The current state of the art in the development of decision support system methodologies is focused around the human design of bespoke systems, which are specifically tailored to the particular problem solving environment in hand.
The team at Nottingham and others are carrying out pioneering research at the interface of OR and Computer Science to underpin the development of automated systems to build and design search methodologies. This is a particularly challenging goal which is being addressed in the almost complete absence of a mathematical and theoretical understanding of how to build intelligent systems which are capable of automatically building new systems. This initiative will establish a major cross-institutional effort to explore such issues. A deeper understanding of how and why heuristics work would feed into and inform the development of systems which can automatically and intelligently build and select search methodologies.
Burke EK, Hyde M, Kendall G, Ochoa G, Ozcan E, Woodward J (2009) Exploring hyper-heuristic methodologies with genetic programming. In: Mumford C, Jain L (eds) Computational Intelligence, Intelligent Systems Reference Library,Volume 1, III, 177-201.
Real-world intractable problems demand the use of heuristics if progress is to be made in reasonable time. Therefore, the practical importance of heuristics is unquestionable, and how heuristics are produced then becomes an important scientific question. Many of the current heuristics in use today are the result of years of study by experts with specialist knowledge of the domain area. Therefore, one may pose the question;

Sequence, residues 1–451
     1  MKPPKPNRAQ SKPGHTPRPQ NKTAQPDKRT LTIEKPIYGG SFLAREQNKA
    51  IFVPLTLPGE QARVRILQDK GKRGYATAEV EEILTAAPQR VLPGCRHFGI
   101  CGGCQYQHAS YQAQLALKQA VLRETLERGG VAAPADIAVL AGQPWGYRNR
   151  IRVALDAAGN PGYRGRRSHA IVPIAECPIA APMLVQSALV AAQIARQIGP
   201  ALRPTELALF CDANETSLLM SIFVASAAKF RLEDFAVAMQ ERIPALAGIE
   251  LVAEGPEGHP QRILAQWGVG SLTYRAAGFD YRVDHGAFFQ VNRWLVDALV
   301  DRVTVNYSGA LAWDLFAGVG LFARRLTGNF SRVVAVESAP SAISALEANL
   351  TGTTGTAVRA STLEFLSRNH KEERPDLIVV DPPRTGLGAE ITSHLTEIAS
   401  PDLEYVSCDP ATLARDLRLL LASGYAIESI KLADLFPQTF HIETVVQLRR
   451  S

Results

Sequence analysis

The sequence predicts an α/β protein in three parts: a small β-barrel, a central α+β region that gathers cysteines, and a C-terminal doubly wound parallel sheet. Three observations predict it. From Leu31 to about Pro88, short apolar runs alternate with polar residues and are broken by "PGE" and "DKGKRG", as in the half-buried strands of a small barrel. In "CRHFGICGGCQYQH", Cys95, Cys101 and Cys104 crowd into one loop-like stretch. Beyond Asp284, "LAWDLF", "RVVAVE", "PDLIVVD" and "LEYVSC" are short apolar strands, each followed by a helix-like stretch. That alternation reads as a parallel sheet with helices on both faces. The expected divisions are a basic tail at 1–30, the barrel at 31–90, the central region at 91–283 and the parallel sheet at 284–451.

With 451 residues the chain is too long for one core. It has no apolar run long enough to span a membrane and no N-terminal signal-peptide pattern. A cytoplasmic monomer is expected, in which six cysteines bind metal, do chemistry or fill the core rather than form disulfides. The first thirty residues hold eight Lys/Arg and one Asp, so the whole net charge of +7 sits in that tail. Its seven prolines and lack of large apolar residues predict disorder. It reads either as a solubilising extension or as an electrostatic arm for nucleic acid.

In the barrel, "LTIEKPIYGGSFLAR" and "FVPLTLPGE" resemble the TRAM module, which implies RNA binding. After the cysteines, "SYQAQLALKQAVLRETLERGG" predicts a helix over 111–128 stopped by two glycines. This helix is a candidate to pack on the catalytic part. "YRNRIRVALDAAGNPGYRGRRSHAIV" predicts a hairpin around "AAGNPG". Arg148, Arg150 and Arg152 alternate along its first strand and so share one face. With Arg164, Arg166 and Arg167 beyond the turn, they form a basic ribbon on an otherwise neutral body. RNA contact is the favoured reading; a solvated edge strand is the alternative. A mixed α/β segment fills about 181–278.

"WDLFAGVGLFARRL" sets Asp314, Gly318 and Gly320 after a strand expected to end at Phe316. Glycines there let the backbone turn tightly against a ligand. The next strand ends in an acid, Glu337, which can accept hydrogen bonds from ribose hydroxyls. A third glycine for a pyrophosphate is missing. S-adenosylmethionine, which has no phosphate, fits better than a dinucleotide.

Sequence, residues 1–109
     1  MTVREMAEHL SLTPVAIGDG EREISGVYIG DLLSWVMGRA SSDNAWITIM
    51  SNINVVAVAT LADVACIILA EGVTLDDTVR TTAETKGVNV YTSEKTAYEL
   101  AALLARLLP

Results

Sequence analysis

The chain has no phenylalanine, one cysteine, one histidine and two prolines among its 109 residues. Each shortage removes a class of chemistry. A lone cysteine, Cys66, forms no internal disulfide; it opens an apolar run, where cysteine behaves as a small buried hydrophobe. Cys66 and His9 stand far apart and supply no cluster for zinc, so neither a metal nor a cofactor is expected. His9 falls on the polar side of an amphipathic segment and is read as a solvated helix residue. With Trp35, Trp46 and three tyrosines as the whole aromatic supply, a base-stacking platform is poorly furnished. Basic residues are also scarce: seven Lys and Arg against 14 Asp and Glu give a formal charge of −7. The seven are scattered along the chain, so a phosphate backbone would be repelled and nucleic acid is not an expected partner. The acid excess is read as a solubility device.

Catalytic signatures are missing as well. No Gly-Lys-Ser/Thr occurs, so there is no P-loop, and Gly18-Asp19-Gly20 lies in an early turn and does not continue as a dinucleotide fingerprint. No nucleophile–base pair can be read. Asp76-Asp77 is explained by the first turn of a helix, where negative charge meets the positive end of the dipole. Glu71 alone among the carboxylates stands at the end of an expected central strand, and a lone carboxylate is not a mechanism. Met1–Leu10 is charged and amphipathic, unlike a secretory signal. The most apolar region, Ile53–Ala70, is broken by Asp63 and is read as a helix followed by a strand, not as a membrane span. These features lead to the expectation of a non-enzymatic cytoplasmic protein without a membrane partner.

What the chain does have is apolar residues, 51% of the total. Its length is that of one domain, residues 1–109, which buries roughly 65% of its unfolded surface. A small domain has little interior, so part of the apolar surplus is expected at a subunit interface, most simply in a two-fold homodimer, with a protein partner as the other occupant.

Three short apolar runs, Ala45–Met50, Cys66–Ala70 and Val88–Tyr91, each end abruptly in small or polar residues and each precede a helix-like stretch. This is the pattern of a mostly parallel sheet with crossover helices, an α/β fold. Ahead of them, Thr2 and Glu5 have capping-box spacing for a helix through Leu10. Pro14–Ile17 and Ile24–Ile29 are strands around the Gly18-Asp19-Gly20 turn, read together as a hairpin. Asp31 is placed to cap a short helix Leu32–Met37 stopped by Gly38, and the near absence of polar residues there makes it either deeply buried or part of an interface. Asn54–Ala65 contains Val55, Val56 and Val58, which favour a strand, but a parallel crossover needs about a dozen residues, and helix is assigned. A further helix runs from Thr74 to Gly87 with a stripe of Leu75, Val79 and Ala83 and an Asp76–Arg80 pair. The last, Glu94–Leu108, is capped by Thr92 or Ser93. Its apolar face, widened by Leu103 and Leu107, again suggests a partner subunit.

Instead of getting experts to design heuristics, perhaps they would be better employed designing a search space of heuristics (i.e. all possible heuristics or a promising subset of heuristics) and a framework in which the heuristics operate, and letting a computer take over the task of searching for the best ones.
This approach shows a clear division of labour; Humans, taking on the innovative and creative task of defining a search space. Computers take on the chore of searching this vast space. Due to the fact that humans often still need to play an important part in this process, we should strictly refer to this methodology as a semi-automated process. One of the advantages of this methodology is that if the problem specification were to change, the experts who engage in hand designing heuristics, would probably have to return to the drawing board, possibly approaching the problem from scratch again. This would also be the situation with the search for automatically designed heuristics, with one important difference. As the search process is automated this would largely reduce the cost of having to create a new set of heuristics. In essence, by employing a method automated at the meta-level, the system could be designed to tune itself to the new problem class presented to it.
A paradigm shift has started to occur in search methodologies over the past few years. Instead of taking the rather short term approach of tackling single problems, there is a growing body of work which is adopting the more long term approach of tackling the general problem, and providing a more general solution.